climax of the story (verse 16), by way of conclusion. Mattan.-Mattan is short for Mattanbaal, “ gift of Beside.-Rather, in, i.e., within the palace enclosure. Baal,” a Phænician name occurring in Punic and Assy- (21) Seven years old was Jehoash.-The Hebrew rian inscriptions (the Muthumballes of Plautus). Comp. editions connect this verse with chapter xii. also Mitinna and Mattén, as names of Tyrian kings
XII. (Inscr. of Tig. Pil. ii.; Herol. vii. 98).
(19) And he took the rulers ... the land.- The REIGN OF JEHOASH, OR JOASH. (Comp. Jehoiada now arranges a procession to escort the king
2 Chron. xxiv.) in triumph from the Temple to the palace.
(1) Forty years.-A common round number. David The rulers ... guard.-Rather, the captains of and Solomon are each said to have reigned forty years. the hundreds (the centurions) and the Carians and the His mother's name. The author of these short Couriers ; or, as Thenius prefers, the lictors and the abstracts generally gives this particular in regard to satellites.
the kings of Judah. They brought down the king from the house Beer-sheba.-A famous Simeonite sanctuary, and of the Lord.-Down from the Temple to the bridge resort of pilgrims (Amos v. 5, viii. 14). connecting Moriah with Zion.
(2) All his days wherein Jehoiada the priest And came by the way... king's house.- instructed him.-The Hebrew is ambiguous, but Rather, and entered the king's house by way of the gate | may certainly mean this, which is the rendering of the of the Couriers. This gate, therefore, belonged not to LXX. and Vulg. (The accent dividing the verse ought
Jehoash Orders the
II. KINGS, XII.
Temple to be Repaired.
3 Hel), the money
of the souls of his
instructed him. (3) But the high places (1 0r, holy things. let them repair the breaches of the were not taken away: the people still
house, wheresoever any breach shall be sacrificed and burnt incense in the high 2 Heb., holinesses. found. places.
(6) But it was so, that 5 in the three (4) And Jehoash said to the priests,
and twentieth year of king Jehoash the All the money of the 12 dedicated things
priests had not repaired the breaches of that is brought into the house of the
the house. (7) Then king Jehoash called LORD, even the money of every one
for Jehoiada the priest, and the other that passeth the account, 3 the money
priests, and said unto them, Why rethat every man is set at, and all the upon the heart of pair ye not the breaches of the house? money that cometh into any man's
now therefore receive no more money of heart to bring into the house of the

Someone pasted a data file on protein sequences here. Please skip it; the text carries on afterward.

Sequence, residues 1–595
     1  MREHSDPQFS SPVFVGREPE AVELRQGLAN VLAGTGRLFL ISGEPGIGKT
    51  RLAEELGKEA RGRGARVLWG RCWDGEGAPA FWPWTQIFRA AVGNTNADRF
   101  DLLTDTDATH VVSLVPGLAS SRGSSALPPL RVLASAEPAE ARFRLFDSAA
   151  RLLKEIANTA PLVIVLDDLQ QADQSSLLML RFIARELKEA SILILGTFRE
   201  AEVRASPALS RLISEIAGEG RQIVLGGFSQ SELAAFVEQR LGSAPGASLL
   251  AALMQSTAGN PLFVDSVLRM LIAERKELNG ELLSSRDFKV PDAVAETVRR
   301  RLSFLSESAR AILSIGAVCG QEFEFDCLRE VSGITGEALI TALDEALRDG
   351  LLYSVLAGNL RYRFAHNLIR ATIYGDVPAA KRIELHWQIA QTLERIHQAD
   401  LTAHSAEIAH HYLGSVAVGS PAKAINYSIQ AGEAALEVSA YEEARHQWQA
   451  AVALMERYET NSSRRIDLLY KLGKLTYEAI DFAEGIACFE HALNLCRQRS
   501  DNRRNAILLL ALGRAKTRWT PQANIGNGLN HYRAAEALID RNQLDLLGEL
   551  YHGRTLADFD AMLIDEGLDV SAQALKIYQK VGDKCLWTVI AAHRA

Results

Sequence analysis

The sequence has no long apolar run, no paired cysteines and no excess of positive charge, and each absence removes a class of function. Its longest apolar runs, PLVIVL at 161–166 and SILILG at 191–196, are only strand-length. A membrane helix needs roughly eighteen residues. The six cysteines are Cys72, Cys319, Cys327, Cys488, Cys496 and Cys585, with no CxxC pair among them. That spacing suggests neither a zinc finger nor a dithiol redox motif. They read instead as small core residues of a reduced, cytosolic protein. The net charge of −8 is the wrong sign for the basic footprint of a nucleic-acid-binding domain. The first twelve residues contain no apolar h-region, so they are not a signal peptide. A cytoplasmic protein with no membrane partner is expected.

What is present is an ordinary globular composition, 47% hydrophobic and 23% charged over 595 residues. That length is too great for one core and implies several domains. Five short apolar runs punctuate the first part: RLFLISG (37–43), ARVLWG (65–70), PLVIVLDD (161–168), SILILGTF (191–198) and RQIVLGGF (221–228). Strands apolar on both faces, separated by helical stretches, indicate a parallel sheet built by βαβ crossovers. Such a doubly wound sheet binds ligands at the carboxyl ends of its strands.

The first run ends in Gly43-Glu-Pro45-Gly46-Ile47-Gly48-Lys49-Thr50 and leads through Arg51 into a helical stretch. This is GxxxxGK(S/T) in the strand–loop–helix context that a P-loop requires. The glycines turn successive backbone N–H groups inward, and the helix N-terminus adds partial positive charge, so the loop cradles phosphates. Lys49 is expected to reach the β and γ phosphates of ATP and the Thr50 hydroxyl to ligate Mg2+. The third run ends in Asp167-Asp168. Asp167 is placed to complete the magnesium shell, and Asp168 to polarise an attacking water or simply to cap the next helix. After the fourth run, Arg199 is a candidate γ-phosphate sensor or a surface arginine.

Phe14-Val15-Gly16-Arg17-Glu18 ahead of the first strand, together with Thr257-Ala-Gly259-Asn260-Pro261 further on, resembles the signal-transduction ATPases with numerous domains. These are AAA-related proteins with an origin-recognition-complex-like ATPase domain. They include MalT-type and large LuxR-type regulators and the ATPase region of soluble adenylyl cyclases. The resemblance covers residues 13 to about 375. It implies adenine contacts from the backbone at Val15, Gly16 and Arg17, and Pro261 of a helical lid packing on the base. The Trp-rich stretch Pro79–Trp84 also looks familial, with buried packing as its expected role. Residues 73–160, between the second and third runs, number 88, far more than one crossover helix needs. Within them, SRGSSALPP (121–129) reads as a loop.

your acquaintance, but deliver it for Lord, (5) let the priests take it to them, 5 Heb., in the twen- the breaches of the house. (8) And the every man of his acquaintance: and
priests consented to receive no mo
4 Heb., (Lscendeth
tich vear and
to fall on “ the Lord” rather than on his days.")
(5) Every man of his acquaintance. -See % Perhaps the peculiar form of the sentence arose in this Chron. xxiv. 5. From that passage it is evident that way: the writer first set down the usual statement con
the chronicler understood that the priests were required cerning kings who supported the worship of Jehovah, to collect such moneys, each in his own city and district, and then, remembering the evils which ensued upon the year by year. Our text, taken alone, would seem to death of the high priest (2 Chron. xxiv. 17), added as a imply that persons going to the Temple to have the correction of that statement, “during which Jehoiada value of vows estimated, or to make free-will offerings, the priest instructed him.” Thenius says the words can resorted to the priests whom they knew. (The word only be rendered, all his life long, because Jehoiada rendered “ acquaintance ” only occurs in this account.) had instructed him. They certainly can, however, be The breaches of the house. The dilapidations rendered as our version renders them, and further, of the Temple were serious, not because of its age-it thus: “ And Jehoash did all his days, whom had only stood about 130 years—but owing to the Jehoiada the priest instructed.” But the ambiguity wanton attacks of Athaliah and her sons (comp. 2 of the statement gave an opportunity for discrediting Chron. xxiv. 7), who had, moreover, diverted the rethe chronicler.
venues of the sanctuary to the support of the Baal. (3) But.--Save that; as at chap. xv. 4. (For the worship. statement of the verse, comp. 1 Kings xv. 14.)
(6) In the three and twentieth year.Sacrificed... burnt.-Were wont to sacrifice ... Jehoash may have ordered the restoration in his twenburn. The worship of the high places continued even tieth year, when he came of age. It is noticeable that nnder the régime of Jehoiada.
he and not Jehoiada takes the initiative in the matter. (4-16) The restoration of the Temple.